7. How to stop AEDs

      Based on the available data, the following general recommendations are briefly summarized here [
      • Beghi E.
      • Giussani G.
      • Grosso S.
      • Iudice A.
      • La Neve A.
      • Pisani F.
      • et al.
      Withdrawal of antiepileptic drugs: guidelines of the Italian League Against Epilepsy.
      ,
      • Schmidt D.
      AED discontinuation may be dangerous for seizure-free patients.
      ]. AED discontinuation requires a careful risk-benefit assessment in view of the undeniable risks involved. These risks include difficulties to predict individual seizure outcome after discontinuation, frequent seizure recurrence, particularly in high-risk patients, and the consequences of seizure recurrence. In addition, successful treatment of seizure recurrence is neither invariably immediate nor assured. Physicians may consider to prudently refrain from encouraging AED discontinuation in high-risk patients [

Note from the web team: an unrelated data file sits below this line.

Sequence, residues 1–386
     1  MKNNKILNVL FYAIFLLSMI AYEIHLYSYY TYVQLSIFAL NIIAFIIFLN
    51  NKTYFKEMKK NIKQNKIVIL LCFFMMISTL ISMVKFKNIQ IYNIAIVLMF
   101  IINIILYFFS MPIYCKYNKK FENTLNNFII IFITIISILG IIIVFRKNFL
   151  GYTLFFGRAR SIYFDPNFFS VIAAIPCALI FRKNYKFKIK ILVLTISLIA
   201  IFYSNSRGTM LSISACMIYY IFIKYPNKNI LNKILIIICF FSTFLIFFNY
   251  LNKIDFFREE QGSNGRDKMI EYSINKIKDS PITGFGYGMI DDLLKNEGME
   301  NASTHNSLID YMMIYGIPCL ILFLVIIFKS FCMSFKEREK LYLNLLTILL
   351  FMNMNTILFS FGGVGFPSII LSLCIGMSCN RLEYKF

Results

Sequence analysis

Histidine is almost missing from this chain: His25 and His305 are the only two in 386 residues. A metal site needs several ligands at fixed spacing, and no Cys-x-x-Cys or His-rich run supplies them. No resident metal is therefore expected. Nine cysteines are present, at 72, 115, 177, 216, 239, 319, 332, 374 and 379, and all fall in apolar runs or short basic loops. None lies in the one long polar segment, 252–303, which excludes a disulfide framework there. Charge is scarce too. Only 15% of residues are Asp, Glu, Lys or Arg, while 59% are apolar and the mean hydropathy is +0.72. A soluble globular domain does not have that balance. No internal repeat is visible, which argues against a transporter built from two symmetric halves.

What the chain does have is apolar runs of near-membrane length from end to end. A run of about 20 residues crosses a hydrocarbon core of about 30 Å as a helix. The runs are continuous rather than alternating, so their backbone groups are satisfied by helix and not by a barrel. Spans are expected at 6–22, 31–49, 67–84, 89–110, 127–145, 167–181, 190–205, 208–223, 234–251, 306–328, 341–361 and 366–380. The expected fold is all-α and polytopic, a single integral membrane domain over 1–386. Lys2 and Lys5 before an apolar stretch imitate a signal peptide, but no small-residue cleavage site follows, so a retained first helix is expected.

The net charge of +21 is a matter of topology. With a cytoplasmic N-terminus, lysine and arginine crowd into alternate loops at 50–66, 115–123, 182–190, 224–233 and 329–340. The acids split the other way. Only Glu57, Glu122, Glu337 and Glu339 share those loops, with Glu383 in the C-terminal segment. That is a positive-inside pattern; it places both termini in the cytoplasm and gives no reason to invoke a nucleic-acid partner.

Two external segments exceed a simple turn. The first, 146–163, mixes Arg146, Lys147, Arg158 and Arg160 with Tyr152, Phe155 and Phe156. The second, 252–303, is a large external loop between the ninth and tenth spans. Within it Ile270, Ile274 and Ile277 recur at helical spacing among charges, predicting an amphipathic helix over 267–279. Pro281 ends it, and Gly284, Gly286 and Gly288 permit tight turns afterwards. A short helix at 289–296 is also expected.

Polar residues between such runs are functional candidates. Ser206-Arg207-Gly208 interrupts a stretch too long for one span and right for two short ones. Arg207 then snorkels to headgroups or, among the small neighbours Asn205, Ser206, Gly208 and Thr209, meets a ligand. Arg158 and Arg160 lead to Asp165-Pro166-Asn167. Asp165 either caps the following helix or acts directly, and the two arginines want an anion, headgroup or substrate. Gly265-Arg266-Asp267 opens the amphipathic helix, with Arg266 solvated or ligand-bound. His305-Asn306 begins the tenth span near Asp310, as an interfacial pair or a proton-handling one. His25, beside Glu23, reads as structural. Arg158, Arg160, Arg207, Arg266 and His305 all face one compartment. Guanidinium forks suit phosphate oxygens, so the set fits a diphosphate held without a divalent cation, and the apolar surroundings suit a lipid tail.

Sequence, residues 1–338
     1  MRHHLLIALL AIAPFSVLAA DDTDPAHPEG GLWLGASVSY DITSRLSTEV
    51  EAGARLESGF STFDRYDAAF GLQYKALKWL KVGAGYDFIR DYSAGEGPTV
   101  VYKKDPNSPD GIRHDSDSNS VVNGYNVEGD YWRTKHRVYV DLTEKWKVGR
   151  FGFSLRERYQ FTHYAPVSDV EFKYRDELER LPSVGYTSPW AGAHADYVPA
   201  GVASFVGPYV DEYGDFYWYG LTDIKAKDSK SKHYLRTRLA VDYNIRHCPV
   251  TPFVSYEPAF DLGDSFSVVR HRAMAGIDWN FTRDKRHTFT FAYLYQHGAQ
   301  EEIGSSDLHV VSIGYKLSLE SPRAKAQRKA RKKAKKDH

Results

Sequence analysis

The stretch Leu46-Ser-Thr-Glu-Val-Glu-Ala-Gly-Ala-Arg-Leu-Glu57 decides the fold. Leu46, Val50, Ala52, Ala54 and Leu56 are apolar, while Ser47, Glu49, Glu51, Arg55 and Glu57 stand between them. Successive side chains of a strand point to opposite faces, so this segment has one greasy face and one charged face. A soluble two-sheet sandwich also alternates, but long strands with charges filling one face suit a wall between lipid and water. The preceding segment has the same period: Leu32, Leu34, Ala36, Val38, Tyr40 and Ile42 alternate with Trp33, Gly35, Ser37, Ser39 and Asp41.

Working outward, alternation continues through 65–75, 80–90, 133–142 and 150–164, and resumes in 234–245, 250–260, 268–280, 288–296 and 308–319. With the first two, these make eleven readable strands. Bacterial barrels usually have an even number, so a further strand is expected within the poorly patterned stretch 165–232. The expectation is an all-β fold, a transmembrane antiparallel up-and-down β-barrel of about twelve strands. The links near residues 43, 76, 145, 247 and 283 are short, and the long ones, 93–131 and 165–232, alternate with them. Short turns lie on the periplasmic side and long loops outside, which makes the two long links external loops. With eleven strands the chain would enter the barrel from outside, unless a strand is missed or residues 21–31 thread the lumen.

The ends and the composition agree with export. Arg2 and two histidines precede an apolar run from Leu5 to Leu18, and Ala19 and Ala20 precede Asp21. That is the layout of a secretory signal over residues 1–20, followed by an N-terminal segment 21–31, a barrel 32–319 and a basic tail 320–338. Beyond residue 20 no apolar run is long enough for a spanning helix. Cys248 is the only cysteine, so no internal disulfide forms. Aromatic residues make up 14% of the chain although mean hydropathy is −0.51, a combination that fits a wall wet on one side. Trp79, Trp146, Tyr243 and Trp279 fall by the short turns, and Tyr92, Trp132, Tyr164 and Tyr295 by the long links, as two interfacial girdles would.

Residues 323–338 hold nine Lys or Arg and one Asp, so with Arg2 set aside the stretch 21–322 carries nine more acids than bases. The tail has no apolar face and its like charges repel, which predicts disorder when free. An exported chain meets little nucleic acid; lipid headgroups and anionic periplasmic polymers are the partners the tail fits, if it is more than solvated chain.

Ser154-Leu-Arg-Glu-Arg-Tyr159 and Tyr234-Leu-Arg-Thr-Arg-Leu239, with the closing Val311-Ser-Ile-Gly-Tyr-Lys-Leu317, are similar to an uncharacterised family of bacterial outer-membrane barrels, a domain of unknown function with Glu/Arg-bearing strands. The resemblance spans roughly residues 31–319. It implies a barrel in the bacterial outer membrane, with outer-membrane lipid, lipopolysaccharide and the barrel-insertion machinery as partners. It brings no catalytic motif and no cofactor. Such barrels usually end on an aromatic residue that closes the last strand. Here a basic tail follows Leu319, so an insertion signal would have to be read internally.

• Beghi E.
      • Giussani G.
      • Grosso S.
      • Iudice A.
      • La Neve A.
      • Pisani F.
      • et al.
      Withdrawal of antiepileptic drugs: guidelines of the Italian League Against Epilepsy.
      ,
      • Schmidt D.
      AED discontinuation may be dangerous for seizure-free patients.
      ].
      The difficulty of the decision making how to stop AEDs arises firstly from a lack of understanding of the mechanism(s) through which anti-seizure drug treatment with AEDs may or may not interact with epileptogenesis and patterns of progression or remission which are part of the natural history of epilepsy [
      • Sillanpää M.
      • Schmidt D.
      Natural history of treated childhood-onset epilepsy: prospective, long-term population-based study.